America is deeply engaged in a debate about marriage.
But it’s not the most urgent dialogue worth having about an institution that has served to order society for millennia.
What the current discussion about expanding matrimony obscures is the bigger picture about traditional marriage, namely, that it’s in decline — and that this decline has dramatic and devastating consequences for society, children in particular.
The connection between marriage and improved economic outcomes is not novel.
In 1965, as President Lyndon B. Johnson was declaring “war on poverty,” a highly controversial report by Labor Secretary Daniel Patrick Moynihan identified the deterioration of the family in the African-American community as one of several major catalysts for growing economic and social inequality.
At the time, more than half of all black women and about two-thirds of Hispanic and Anglo women were married; and just more than 20 percent of black infants and between 2 percent and 3 percent of Anglo infants were born to single mothers.
Half a century later, those numbers have not declined — they have exploded.
According to government statistics, 40.7 percent of all 2012 births were out of wedlock, including 72.2 percent in the African-American community; 53.5 percent of Hispanic children; and 29.4 percent of Anglo children.
Revisiting the Moynihan report last year, the Urban Institute found that “the social trends that concerned Moynihan have worsened for blacks and nonblacks alike,” suggesting that the “factors driving the decline (of marriage) do not lie solely within the black community but in the larger social and economic context.”
The numbers themselves are alarming and they raise serious questions about why marriage is disintegrating.
But it is the bounty of research correlating family structure to the economic mobility of children — or lack thereof — that makes concerns about the declining marriage culture a public policy crisis.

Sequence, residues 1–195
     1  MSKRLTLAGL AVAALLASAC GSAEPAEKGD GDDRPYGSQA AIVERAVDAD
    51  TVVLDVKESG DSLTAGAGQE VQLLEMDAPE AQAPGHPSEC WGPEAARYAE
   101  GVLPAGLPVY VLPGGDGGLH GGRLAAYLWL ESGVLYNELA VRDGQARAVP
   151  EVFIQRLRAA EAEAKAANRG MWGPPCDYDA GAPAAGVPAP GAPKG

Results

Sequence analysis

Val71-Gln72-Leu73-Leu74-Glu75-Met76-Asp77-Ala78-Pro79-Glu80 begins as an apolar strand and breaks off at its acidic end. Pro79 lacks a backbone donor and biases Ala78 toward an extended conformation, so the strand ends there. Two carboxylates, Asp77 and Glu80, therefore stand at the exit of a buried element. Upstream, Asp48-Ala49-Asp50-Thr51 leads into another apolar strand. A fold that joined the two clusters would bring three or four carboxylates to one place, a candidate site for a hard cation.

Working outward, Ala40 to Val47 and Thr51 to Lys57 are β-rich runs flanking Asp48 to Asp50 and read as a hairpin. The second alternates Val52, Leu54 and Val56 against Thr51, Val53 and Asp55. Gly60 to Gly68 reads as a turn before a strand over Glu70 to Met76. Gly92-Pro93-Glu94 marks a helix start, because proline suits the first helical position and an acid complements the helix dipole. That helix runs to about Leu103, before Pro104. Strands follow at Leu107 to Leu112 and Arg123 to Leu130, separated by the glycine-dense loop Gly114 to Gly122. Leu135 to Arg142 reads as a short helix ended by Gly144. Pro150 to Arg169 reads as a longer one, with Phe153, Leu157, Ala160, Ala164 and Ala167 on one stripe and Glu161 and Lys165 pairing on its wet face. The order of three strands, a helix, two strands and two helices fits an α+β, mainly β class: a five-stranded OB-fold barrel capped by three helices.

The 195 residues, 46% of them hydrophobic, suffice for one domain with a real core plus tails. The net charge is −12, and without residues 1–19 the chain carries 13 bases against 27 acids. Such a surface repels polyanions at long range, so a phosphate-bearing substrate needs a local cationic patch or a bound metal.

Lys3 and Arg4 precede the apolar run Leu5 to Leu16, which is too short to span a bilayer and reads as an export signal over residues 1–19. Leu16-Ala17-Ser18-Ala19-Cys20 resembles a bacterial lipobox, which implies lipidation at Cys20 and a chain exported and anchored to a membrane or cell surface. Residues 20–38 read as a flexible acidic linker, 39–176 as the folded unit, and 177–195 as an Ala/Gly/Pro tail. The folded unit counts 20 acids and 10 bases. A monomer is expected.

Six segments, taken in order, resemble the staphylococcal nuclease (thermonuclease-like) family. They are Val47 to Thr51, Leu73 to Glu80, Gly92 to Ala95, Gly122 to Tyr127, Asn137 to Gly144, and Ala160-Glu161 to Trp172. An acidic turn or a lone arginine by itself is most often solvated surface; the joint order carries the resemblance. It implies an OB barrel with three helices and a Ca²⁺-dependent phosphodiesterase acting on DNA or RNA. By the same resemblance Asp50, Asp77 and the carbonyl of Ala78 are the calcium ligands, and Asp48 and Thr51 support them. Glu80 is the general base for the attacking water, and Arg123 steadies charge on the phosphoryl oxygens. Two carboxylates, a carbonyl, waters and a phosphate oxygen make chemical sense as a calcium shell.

A report by the Pew Charitable Trusts’ Economic Mobility Project looked at the impact of single parenthood on a child’s economic opportunities. It found that both “children of divorced mothers or (those) who were born to unmarried mothers are less likely to be upwardly mobile in relative terms than are children of continuously married mothers.”
It seems obvious that two-parent households advantage children, as they tend to have greater resources both financial and social (time, energy, attention) that make kids more likely to graduate and get well-paying jobs and less likely to be incarcerated or become single parents.
But the impact of family structure has ripple effects that extend well beyond individual households, according to new comprehensive data by Harvard economist Raj Chetty. Chetty and his co-authors found that “family structure correlates with upward mobility not just at the individual level but also at the community level, perhaps because the stability of the social environment affects children’s outcomes more broadly.”
The Brookings Institution warns that marriage has become “a mechanism through which advantage is protected and passed on,” as wealthier, committed parents tend to get and stay married and raise their children together, while less affluent women are more likely to have children outside of marriage and raise them on their own, often in communities of similar structure, where they enter vicious cycles of downward mobility for themselves and their progeny.
Marriage is not a silver bullet. Encouraging more single mothers to wed the fathers of their children will not magically reduce poverty. Nor is the decimated marriage culture the only factor limiting economic mobility, which is also affected by racial and economic segregation, school quality and low levels of social capital.
But attempts to redistribute income and expand the welfare state, including those called for in Moynihan’s report 50 years ago, have not had the success that lawmakers expected.
As Ron Haskins, director of Brookings’ Center on Children and Families, told The Washington Post, “We are not going to have an effective solution to the growing inequality and poverty in the U.S. unless we can do something about family structure.”
In the war on inequality, supporting policies that promote more stable family environments may not be a bad place to start.